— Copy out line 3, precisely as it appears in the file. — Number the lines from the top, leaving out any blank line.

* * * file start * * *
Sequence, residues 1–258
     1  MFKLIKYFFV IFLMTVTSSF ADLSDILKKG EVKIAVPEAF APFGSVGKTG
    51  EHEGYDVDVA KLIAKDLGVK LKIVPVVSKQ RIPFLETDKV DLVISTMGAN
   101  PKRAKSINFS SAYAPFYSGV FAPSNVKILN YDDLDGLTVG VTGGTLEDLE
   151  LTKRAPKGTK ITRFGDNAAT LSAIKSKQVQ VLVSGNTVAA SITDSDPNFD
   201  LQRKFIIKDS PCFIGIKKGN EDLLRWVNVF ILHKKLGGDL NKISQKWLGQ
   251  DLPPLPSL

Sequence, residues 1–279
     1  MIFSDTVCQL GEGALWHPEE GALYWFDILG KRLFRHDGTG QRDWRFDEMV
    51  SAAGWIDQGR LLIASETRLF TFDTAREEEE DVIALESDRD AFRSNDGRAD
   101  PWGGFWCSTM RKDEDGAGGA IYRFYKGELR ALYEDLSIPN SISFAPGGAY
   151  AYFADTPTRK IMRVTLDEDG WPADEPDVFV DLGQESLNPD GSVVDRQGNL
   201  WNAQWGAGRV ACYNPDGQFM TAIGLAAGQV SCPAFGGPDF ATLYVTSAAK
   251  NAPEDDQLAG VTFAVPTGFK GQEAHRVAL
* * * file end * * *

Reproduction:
    51  EHEGYDVDVA KLIAKDLGVK LKIVPVVSKQ RIPFLETDKV DLVISTMGAN